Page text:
How we cite our quotes:
Important fact: Richard had no relationship with his mom. [...] After four raucous years of drinking and serial infidelity, she stuck Mr. Katz with the job of raising their son (first in the Village, later in Yonkers) while she went off to California and found Jesus and brought forth four more kids. Mr. Katz quit playing music but not, alas, drinking. He ended up working for the postal service and never remarrying, and it's safe to say that his various young girlfriends, in the years before drink finally ruined him, did little to provide the stabilizing maternal presence that Richard needed. (2.3.117)
It's not difficult to connect this passage to Richard's difficulties with commitment and fidelity. The "various young girlfriends" in his father's life are certainly echoed in Richard's own promiscuity. But he may take after his mother more, whose "drinking and serial infidelity" is accompanied by a wandering instinct (similar to the one Katz finds after his success) and a spiritual relationship (hers in Jesus, his in music).
For the prosecution: Walter was appropriately wary. Patty was the one who tracked him down in Hibbing and threw herself at him.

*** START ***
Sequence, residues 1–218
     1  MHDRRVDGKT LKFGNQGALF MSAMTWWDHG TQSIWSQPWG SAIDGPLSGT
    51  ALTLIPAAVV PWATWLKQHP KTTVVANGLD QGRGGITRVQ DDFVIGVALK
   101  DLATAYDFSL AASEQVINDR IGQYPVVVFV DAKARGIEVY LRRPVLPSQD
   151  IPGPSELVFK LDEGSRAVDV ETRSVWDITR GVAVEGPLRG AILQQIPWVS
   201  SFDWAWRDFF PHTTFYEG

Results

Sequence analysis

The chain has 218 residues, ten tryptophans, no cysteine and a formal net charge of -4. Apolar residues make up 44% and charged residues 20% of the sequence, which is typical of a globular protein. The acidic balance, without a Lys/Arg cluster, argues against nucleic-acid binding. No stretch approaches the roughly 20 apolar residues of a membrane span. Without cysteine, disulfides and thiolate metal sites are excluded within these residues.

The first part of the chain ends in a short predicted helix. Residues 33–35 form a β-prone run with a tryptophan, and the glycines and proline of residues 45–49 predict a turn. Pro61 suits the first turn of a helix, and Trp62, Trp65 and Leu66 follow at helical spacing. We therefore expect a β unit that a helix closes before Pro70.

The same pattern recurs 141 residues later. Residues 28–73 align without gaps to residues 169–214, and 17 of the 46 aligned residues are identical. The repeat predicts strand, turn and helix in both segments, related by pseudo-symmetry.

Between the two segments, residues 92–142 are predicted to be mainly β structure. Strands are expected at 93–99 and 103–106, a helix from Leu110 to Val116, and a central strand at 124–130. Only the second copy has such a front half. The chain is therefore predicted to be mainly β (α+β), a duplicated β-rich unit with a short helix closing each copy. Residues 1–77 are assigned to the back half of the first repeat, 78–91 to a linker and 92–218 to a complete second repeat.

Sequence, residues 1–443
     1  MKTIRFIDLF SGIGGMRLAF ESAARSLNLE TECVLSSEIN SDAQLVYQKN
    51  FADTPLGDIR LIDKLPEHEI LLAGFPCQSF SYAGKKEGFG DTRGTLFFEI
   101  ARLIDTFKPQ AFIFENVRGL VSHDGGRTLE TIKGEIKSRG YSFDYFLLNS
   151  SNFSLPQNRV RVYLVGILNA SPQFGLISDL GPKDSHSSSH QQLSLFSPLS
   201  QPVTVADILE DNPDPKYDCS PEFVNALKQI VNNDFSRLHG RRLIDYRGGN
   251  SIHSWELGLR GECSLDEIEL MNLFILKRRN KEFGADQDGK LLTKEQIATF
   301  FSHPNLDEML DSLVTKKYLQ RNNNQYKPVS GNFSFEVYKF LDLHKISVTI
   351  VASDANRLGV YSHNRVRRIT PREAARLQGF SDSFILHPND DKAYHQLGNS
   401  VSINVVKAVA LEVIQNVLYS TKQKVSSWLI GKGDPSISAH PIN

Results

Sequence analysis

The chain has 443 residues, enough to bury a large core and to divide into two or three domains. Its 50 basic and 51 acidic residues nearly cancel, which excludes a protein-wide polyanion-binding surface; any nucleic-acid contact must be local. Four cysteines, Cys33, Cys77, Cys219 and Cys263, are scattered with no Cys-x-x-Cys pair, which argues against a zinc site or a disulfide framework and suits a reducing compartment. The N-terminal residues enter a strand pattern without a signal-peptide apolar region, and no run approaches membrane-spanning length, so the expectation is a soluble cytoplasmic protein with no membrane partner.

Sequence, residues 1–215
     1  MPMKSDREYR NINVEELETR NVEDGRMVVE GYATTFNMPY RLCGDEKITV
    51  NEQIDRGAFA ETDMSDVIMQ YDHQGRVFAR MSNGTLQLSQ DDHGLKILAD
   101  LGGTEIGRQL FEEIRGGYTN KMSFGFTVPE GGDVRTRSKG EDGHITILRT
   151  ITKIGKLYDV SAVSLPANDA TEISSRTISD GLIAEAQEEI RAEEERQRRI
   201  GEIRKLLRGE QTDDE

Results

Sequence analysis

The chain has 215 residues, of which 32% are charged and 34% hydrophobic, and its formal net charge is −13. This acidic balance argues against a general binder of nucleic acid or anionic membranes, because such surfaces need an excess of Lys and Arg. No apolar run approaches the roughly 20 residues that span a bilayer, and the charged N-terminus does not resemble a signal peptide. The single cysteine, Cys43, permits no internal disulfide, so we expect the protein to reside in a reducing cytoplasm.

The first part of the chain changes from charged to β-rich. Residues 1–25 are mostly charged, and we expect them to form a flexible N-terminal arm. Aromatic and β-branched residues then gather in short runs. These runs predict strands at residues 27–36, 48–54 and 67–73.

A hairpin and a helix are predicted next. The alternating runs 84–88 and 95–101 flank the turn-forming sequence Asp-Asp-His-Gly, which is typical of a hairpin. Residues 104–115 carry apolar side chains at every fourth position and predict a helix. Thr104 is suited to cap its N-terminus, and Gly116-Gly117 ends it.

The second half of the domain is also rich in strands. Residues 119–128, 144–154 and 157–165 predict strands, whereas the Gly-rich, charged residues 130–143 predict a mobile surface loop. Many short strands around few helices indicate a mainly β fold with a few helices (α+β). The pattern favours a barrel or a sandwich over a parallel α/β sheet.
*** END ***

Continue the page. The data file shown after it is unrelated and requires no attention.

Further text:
For the defense: But she was trying to be good and make a good life! And then she forsook all others and worked hard to be a great mom and homemaker.
For the prosecution: Her motives were bad. She was competing with her mom and sisters. She wanted her kids to be a reproach to them. (2.3.181-183)
Patty brings this up a few times: that she's actually not a very good person, and that at least part of why she marries Walter is she hopes some of his goodness will magically rub off on her. (Unsurprisingly, since she goes in with such questionable motives, this method doesn't seem to be working.)
"Never mind Connie even," Carol said. "Leave Connie out of it for a minute. You and I lived together like a family for almost two years. I never thought I'd hear myself saying this, but I'm starting to get an idea of what you put your mom through. Seriously. I never understood how cold you are until this fall. (3.2.47)
A few examples in the novel suggest that the word "family" is not necessarily limited to blood relatives. Walter and Richard's friendship comes to mind. Patty's relationship with her estranged brother offers a counter-example – a family member who's basically a stranger. This conversation between Carol and Joey is perhaps the best example, and her uncomfortably close relationship with Joey helps her empathize with a woman she had long hated, Patty.